The content in this note is not intended to be a comprehensive review of all matters and developments, and we assume no responsibility as to its completeness or accuracy. Furthermore, the information in no way should be construed or interpreted as – or as part of – an offering or solicitation of securities. No securities commission or other regulatory authority has in any way passed upon this information and no representation or warranty is made by us to that effect. For a more detailed disclaimer, please see the disclaimer on our website

Read on discoveryinvesting.com here

Border Gold Corp: Geopolitics Plays Interference

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Geopolitics Plays Interference

It seems that once again the direction or trend playing out in the markets has been interrupted by geopolitical tensions heating up between Russia, Ukraine, and the Western powers. Precious metals finished the week on higher footing, with gold initially touching below 1,150 USD this past Friday morning, but going on to finish the day approximately 40 dollars higher just shy of 1,190 USD. The predicament for those who have been anticipating a bottom in the precious metals is determining whether or not this is simply just noise that will once again wash through and see the trend of a stronger greenback and weaker precious metal prices continue.

If weeks prior can provide any indication for what Russia-Ukraine tensions mean, it’s that they have led to unsustainable rallies in the metals market. The escalation of sanctions and threat of increased violence simply subside with time, and metals prices tracked lower accordingly. Thus, a suitable question becomes why does the market again react to similar events we have witness play out before if inevitably, time will pass and they will soon be forgotten?

For certain the liquidity of the gold and precious metal markets is one factor for the surge in prices as the relatively smaller market becomes a very quick and instantaneous hedge for the US dollars and risk assets. Short term investors or traders are less concerned about the price level of gold, but instead will go long gold as it  exhibits its safe haven characteristics during these time periods.

Perhaps another reason though is the ongoing uncertainty surrounding the Russian economy. And although what we are currently witnessing with Russia is simply antagonizing tactics with Ukraine, the likelihood of escalation of sustained violence (or war) becomes more and more likely as their economy worsens. The Russian Ruble has depreciated 23 per cent against the US dollar over the past three months. Inflation becomes a huge issue for the Russian consumer with prices up nearly 8 per cent over the last year, and it is a trend that is likely to continue as the economy is extremely dependent of imports of food and agriculture as they are unable to substitute for what is inadequate domestic production.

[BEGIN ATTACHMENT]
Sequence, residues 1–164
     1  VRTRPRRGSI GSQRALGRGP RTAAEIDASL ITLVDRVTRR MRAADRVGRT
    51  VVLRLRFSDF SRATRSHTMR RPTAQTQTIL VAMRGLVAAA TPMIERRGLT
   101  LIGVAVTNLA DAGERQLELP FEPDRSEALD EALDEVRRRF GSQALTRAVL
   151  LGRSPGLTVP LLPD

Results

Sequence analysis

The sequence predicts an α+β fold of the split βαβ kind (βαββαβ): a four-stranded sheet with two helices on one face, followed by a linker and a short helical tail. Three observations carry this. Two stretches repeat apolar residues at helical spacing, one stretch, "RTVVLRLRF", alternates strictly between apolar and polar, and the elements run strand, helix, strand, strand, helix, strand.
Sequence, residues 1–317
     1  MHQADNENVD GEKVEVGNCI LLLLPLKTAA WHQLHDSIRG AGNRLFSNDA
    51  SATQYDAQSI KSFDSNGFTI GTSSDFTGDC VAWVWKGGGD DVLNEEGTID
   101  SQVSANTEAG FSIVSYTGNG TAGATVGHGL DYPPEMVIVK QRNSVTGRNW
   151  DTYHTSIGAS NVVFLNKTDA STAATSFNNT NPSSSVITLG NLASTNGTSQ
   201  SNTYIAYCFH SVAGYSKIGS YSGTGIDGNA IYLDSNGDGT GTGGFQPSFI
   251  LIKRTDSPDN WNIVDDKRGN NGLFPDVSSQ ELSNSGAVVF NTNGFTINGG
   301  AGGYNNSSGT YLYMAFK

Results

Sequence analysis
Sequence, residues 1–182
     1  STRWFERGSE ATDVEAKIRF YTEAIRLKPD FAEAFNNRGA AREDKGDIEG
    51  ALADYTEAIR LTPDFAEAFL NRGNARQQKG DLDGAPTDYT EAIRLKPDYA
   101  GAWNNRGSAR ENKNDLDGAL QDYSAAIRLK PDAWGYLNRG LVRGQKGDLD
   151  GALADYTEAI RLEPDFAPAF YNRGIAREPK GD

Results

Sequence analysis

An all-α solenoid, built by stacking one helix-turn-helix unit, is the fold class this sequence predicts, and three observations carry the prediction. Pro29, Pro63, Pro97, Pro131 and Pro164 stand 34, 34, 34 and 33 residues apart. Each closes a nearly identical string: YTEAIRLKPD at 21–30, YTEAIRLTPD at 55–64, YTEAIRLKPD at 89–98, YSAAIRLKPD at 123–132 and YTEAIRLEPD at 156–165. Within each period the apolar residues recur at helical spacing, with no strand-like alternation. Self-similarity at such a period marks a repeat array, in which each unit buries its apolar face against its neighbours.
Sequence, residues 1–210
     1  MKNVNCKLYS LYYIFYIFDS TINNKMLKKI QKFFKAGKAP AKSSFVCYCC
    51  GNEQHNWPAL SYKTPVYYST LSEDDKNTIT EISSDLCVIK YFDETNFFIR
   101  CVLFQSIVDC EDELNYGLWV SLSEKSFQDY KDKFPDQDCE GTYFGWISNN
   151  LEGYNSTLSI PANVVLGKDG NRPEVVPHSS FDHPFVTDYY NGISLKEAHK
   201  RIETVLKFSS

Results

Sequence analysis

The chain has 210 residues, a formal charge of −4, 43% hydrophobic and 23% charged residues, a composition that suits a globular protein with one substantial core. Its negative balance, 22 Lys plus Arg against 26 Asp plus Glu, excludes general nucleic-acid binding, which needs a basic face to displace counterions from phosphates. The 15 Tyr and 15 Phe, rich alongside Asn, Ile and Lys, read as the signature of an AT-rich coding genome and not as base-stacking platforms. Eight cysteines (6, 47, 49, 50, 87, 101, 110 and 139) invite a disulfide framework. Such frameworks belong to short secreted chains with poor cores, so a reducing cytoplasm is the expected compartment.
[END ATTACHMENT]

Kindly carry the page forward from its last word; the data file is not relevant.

As the Russian economy gets choked off from the rest of the world, and it’s the citizens that feel the brunt of the pain and suffering as their lifestyles adjust to a weaker economy that makes the majority of them worse off, options become limited. The uncertainty, which is very much priced into the market for Russian Rubles, and attracting a safe haven bid in precious metals, is how far into a corner is Putin backing himself, and what will be the repercussions of his actions.

And one potential repercussion becomes, as the media has been questioning, the likelihood of another cold war. Ongoing and increased sanctions with Russia are slowly cutting the economic ties to the west. It’s not without coincidence that the largest buyers of physical gold in the last quarter were Russia, Kazakhstan, and Azerbaijan. But all central banks in aggregate have bought gold now for 15 consecutive quarters. These are the long terms investors, and as one UBS analyst put it, in this kind of environment, “diversification would be deemed a logical outcome.”

 

“Don’t Panic!” AlphaNorth’s Steven Palmer Tells Small Cap Investors

Small cap fund manager Steven Palmer of AlphaNorth Asset Management spoke with Gravitas Financial’s Vikas Ranjan recently about October’s stock market sell off and why he believes the broader trend will continue. As well, he explains why he doesn’t have any sector biases and hints that he’s adding some resource names to his portfolio. He also mentions one Venture exchange listed stock that he bought recently that has soared more than three-fold during the past month.

WATCH THE ENTIRE INTERVIEW HERE >>